Want to have better mental health? Start walking or cycling, says researchers

CHARLES LEE | 2nd Jun 2015 | NEWS

Not too long ago, we have reported that a research had suggested the co-relation between walking/cycling and obesity. Given the extensiveness of health benefits that could be derived from physical activity, it would not be a surprise to many that the same activity of walking or cycling could also do wonders to one’s mental well-being. Indeed, a joint research conducted by the University of East Anglia and the Centre for Diet and Activity Research (CEDAR) has affirmed that people who walk or cycle to work regularly have better mental health than those who commute to work by driving.

The United Kingdom-based research, which has been published in international scholarly journal Prevention Medicine, found that the longer people sat in a car while traveling to work, the lower their psychological well-being was. On the other hand, those who walk or cycle to work possess better mental health. The report appears to be contradictory to an earlier report produced by the United Kingdom Office of National Statistics, which states that cyclists were found to be less happy as compared to those who drive to work.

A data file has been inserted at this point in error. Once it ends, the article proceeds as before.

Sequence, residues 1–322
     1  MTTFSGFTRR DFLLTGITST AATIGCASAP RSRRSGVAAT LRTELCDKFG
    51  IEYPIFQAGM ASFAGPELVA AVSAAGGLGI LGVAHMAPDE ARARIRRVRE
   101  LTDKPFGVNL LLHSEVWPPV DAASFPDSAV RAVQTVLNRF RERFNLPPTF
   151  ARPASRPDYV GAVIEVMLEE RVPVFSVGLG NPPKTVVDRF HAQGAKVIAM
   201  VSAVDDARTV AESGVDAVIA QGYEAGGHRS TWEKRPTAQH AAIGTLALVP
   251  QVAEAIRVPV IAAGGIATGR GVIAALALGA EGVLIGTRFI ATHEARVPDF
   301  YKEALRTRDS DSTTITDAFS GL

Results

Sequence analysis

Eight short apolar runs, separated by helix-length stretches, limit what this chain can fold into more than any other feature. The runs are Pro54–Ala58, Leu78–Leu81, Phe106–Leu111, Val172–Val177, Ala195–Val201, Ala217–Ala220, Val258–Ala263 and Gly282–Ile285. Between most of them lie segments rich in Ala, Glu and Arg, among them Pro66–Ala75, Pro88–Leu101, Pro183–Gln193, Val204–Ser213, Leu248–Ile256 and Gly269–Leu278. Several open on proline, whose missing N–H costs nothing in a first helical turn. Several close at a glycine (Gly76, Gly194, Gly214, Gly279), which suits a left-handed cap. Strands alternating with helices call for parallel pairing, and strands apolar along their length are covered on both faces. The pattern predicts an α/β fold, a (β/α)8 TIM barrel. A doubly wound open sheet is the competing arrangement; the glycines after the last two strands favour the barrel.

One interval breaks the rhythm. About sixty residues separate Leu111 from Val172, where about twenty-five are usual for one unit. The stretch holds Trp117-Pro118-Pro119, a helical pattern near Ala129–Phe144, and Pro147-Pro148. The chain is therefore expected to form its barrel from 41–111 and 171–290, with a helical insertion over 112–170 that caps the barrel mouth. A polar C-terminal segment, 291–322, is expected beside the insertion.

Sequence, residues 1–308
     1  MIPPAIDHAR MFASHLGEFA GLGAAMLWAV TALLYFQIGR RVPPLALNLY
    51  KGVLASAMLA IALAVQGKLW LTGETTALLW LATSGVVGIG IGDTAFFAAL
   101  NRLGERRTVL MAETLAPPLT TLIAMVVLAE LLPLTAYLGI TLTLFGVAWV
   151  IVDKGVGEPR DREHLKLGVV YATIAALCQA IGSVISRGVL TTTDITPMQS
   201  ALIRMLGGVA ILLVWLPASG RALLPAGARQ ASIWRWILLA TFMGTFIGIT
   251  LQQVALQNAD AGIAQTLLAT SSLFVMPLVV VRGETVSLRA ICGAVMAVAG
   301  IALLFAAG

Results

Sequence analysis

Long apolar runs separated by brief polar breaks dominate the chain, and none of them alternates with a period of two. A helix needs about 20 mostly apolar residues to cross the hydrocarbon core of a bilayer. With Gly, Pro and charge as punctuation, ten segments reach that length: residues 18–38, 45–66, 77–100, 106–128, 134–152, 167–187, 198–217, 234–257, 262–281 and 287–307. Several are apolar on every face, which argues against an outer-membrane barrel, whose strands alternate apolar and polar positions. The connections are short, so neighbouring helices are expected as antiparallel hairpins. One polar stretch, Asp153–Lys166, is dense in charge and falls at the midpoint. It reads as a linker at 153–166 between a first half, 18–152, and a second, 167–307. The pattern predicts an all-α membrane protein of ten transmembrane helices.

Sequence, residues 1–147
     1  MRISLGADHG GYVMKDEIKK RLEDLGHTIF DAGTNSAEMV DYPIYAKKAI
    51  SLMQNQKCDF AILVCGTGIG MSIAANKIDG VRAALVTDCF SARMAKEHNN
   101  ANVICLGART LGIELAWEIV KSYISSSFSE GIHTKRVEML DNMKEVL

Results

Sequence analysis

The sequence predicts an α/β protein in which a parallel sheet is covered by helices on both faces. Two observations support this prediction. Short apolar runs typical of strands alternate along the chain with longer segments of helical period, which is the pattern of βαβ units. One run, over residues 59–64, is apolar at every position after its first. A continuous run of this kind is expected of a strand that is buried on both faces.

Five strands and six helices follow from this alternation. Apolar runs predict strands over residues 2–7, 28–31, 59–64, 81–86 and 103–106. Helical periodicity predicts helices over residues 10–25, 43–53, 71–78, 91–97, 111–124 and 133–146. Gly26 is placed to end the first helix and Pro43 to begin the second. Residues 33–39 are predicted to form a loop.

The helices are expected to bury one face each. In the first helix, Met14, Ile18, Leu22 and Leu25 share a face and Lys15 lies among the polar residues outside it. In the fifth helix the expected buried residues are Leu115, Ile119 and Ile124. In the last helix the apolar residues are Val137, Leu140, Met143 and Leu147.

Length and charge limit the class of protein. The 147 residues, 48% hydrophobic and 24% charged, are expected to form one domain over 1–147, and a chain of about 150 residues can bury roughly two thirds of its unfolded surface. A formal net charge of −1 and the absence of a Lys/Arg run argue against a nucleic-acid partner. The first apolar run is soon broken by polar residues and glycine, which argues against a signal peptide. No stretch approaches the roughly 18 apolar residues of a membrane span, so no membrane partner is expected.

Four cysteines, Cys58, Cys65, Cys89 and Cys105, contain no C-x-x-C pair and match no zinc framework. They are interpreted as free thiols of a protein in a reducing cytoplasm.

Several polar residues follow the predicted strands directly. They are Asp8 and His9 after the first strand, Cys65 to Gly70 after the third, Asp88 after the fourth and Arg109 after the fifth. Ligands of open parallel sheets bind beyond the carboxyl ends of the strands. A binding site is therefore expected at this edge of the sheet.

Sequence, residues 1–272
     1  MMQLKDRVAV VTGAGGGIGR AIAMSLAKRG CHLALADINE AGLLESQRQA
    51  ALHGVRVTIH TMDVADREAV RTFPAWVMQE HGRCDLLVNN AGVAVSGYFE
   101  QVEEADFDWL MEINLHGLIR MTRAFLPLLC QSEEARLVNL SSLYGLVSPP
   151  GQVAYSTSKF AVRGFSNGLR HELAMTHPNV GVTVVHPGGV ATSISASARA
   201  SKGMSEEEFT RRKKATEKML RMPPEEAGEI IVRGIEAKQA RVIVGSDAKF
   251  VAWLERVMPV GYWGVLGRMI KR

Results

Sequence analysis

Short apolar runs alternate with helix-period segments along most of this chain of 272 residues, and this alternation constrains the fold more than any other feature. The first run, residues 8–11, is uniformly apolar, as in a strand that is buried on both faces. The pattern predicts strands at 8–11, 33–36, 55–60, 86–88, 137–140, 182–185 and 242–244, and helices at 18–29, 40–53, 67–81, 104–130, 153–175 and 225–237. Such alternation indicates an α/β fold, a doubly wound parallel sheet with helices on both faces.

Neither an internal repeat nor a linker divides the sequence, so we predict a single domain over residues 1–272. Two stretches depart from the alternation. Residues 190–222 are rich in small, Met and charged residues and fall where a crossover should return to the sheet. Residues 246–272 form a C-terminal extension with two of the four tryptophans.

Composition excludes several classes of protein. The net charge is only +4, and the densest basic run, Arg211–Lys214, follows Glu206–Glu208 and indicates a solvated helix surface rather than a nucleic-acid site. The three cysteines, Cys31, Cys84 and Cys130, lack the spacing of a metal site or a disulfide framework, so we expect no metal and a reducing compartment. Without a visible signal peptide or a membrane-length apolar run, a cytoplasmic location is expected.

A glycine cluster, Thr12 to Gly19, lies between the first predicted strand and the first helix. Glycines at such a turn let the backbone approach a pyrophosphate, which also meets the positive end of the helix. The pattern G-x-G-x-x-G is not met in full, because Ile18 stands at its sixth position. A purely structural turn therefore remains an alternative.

Mr Adam Martin, the lead author of the study of which 18,000 respondents of age between 18 and 65 years old took part in, said: “One surprising finding was that commuters reported feeling better when travelling by public transport, compared to driving. You might think that things like disruption to services or crowds of commuters might have been a cause of considerable stress. But as buses or trains also give people time to relax, read, socialise, and there is usually an associated walk to the bus stop or railway station, it appears to cheer people up.”

The conclusion of the research was based on various psychological aspects such as sleepless nights, unhappiness and the inability to face problems.

Source:
http://www.natureworldnews.com/articles/9030/20140915/walking-cycling-office-increases-psychological-wellbeing.html